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Genotypic Variation and Phenotypic Plasticity in Gene Expression and Emissions of Herbivore-Induced Volatiles, and their Potential Tritrophic Implications, in Cranberries

  • Elvira S. De LangeEmail author
  • Jordano Salamanca
  • James Polashock
  • Cesar Rodriguez-Saona
Article

Abstract

Herbivorous insects are important problems in cranberry (Vaccinium macrocarpon Ait.) production. The use of chemical pesticides is common practice, but beneficial insects such as natural enemies of herbivores (e.g. predators and parasitoids) could be affected as well. Therefore, we studied the defensive mechanisms that cranberry plants use to combat pests, focusing on herbivore-induced plant volatiles (HIPVs), which can be used to recruit predators and parasitoids foraging for prey or hosts. Then, we used synthetic HIPVs to test the attraction of natural enemies. In a greenhouse, we assessed nine cranberry genotypes for expression of genes involved in HIPV biosynthesis and/or emission of HIPVs. In an experimental field, we assessed whether baiting traps with individual or combinations of HIPVs increased attractiveness to natural enemies. The results showed that different cranberry genotypes vary in their emission of monoterpenes and sesquiterpenes but not in their expression of two genes associated with terpene biosynthesis, α-humulene/β-caryophyllene synthase and (3S,6E)-nerolidol/R-linalool synthase. Induction with methyl jasmonate or herbivore (gypsy moth, Lymantria dispar L.) feeding increased the expression of these genes and emission of HIPVs. The HIPV methyl salicylate (MeSA), alone or in combination with other HIPVs, increased syrphid attraction by 6-fold in the field, while (Z)-3-hexenyl acetate and MeSA repelled ladybeetles and megaspilids, respectively. Linalool and β-caryophyllene elicited no behavioral responses of natural enemies. Elucidating the mechanisms of pest resistance, as well as experimentally augmenting plant defenses such as HIPVs, may contribute to the development of more sustainable pest management practices in crops, including cranberries.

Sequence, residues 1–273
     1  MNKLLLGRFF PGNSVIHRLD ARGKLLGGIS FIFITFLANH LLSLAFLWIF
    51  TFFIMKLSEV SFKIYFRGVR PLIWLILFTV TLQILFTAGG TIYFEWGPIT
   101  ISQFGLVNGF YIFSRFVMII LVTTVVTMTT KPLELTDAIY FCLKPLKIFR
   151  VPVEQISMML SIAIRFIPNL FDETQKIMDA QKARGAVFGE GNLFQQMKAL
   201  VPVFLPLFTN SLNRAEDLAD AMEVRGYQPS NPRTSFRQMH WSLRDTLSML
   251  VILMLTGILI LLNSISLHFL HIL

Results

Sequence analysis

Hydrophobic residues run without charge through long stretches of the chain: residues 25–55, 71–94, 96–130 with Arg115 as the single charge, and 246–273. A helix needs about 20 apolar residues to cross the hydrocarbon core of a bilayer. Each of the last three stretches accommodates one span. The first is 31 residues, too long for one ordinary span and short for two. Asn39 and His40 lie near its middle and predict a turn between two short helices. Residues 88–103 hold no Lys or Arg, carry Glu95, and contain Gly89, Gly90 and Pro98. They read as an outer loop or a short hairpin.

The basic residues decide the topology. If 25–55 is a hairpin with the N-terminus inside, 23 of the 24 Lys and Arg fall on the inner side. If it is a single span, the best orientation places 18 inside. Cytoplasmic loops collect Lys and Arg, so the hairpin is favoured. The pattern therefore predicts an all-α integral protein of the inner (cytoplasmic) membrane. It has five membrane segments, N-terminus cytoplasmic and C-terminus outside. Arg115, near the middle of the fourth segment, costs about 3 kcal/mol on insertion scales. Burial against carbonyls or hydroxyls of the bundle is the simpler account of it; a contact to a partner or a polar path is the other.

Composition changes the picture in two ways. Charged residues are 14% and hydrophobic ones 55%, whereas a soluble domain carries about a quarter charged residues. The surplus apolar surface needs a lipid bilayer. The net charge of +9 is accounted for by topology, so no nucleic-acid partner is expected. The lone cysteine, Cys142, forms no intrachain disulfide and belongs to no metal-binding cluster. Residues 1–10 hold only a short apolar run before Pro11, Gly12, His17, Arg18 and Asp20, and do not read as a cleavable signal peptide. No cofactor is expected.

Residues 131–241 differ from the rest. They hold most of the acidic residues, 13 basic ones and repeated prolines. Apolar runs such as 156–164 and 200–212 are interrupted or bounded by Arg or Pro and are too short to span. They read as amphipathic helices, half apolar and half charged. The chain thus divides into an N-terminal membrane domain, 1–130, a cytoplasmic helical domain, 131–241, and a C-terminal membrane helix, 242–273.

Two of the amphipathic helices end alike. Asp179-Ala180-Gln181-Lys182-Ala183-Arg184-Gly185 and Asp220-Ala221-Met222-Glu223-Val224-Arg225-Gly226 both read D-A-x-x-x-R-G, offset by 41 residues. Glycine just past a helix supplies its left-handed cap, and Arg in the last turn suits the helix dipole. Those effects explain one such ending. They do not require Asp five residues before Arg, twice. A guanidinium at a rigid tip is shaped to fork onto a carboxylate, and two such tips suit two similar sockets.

Keywords

Gypsy moth Methyl salicylate Methyl jasmonate Natural enemies Vaccinium macrocarpon Indirect defenses 

Notes

Acknowledgements

We thank Vera Kyryczenko-Roth, Rob Holdcraft, Kristy Adams, Manuel Chacón, Charles Corris, Kris Dahl, Diego Fraga, Jennifer Frake, Andrew Lux, Melissa Meagher, Caryn Michael, Sarah Ongaro, Langley Oudemans, Gabrielle Pintauro, and Mara Schiffhauer for technical assistance. We also thank Dr. Thomas Hartman (Rutgers University, Mass Spectrometry Support Facility) for assistance in volatile identification, Matthew Kramer (USDA-ARS, Biometric Consulting Service) for assistance in statistical analysis of gene expression data and Dr. Brittany Dodson (Copy Editor & Science Writer; Bellefonte, PA) for editing services. This work was supported by the hatch project No. NJ08192 and funds from the New Jersey Blueberry and Cranberry Research Council, Inc., Cranberry Institute, Cape Cod Cranberry Growers Association, Canadian Cranberry Growers Coalition, and Ocean Spray Cranberries, Inc. to CR-S.

Supplementary material

10886_2018_1043_MOESM1_ESM.docx (63 kb)
ESM 1 (DOCX 63 kb)

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Authors and Affiliations

  1. 1.Department of Entomology and NematologyUniversity of California DavisDavisUSA
  2. 2.Escuela de Ciencias Agrícolas, Pecuarias y de Medio Ambiente (ECAPMA)Universidad Nacional Abierta y a Distancia (UNAD)BogotáColombia
  3. 3.Genetic Improvement of Fruits and Vegetables Laboratory, United States Department of Agriculture-Agricultural Research ServiceChatsworthUSA
  4. 4.Department of Entomology, Philip E. Marucci Center for Blueberry and Cranberry Research and ExtensionRutgers UniversityChatsworthUSA

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